Pilot program to offer incentives for residents to buy energy storage devices

The Arizona Corporation Commission has approved a pilot program for Arizona Public Service (APS) to offer incentives for residents to purchase energy storage battery systems in their homes next year. 

Under the pilot program, the first of its kind in the state, homeowners could receive up to $2,500 for the purchase and installation of at-home energy storage devices that can capture electricity from the grid or rooftop solar and dispatch it for later use. 

Lea Márquez Peterson

Commissioner Lea Márquez Peterson, who led the effort to advance the program, said she hopes a similar program can be offered by Tucson Electric Power. Eventually, small businesses, retail and commercial industries could be involved if the experiment proves successful.

APS, which worked with storage stakeholders and the utility commission to put together the pilot, must finalize all of the details before it officially kicks off next year. 

To encourage homeowners to participate, the 3-year pilot program includes other benefits including:

  • Customers who participate in the pilot will receive an increased incentive per household from $300 per kilowatt to $500 per kilowatt
  • Grandfathered net metering rooftop solar customers will remain grandfathered if they install new energy storage devices under the program

Energy storage currently a luxury item 

So far, energy storage battery systems are considered luxury items because of their high cost. A typical energy storage system ranges from $4,000 to $14,000 depending on the size and capacity. 

“Typical batteries for a typical home are between 5 and 10 kilowatts and they’re still fairly pricey,”  said Márquez Peterson. “So the ultimate decision homeowners will have to make is, is this something they’re willing to invest in–to be a first mover.”  

Arizona needs to be on leading edge of energy innovation 

An ultimate goal of the pilot is to advance energy storage technology and bring down the price for mainstream buyers.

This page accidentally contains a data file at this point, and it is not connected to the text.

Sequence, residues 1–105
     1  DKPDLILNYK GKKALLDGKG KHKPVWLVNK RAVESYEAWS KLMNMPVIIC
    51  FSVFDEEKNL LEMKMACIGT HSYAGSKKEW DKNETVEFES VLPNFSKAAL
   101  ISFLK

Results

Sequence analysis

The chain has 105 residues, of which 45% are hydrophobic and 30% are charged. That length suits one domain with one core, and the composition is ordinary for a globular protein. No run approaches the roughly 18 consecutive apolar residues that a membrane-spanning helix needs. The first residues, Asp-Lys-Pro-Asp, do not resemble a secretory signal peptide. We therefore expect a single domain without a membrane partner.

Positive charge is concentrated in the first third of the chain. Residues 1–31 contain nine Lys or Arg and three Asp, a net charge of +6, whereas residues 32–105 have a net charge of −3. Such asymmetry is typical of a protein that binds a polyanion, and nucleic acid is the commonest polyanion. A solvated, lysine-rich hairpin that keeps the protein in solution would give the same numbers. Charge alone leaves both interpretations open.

“Obviously we want to see the price of batteries come down and that’s not going to happen until they are more convenient and accessible for everybody to purchase, so I’m very proud to support this pilot program,” Márquez Peterson said. 

Data from the pilot program will help utilities and commissioners better understand the distribution system, how it impacts the entire grid and best practices for Arizona’s unique climate.    

“We don’t want rolling blackouts like in California,” she said. “Battery storage is one solution to that. So we want to see what the ease of storing and calling up the power when needed and then help the advancement of new market entrants to help overall technology costs come down.”

Arizona continues to progress towards cleaner future 

The residential battery program is just one step being taken by utilities and the Corporation Commission to advance clean energy technologies and attract industry to the state.  

This month, the Corporation Commission approved a requirement for utilities to be 100 percent free of carbon emissions by 2050. Nearby states have passed similar requirements including Colorado, Nevada and New Mexico. 

Arizona’s two largest electric utilities, APS and TEP, have also been transforming their operations to achieve their own carbon-free goals.

By moving forward on clean energy, Arizona will be better positioned to compete on the  national and global markets, Márquez Peterson said.

Victoria Harker

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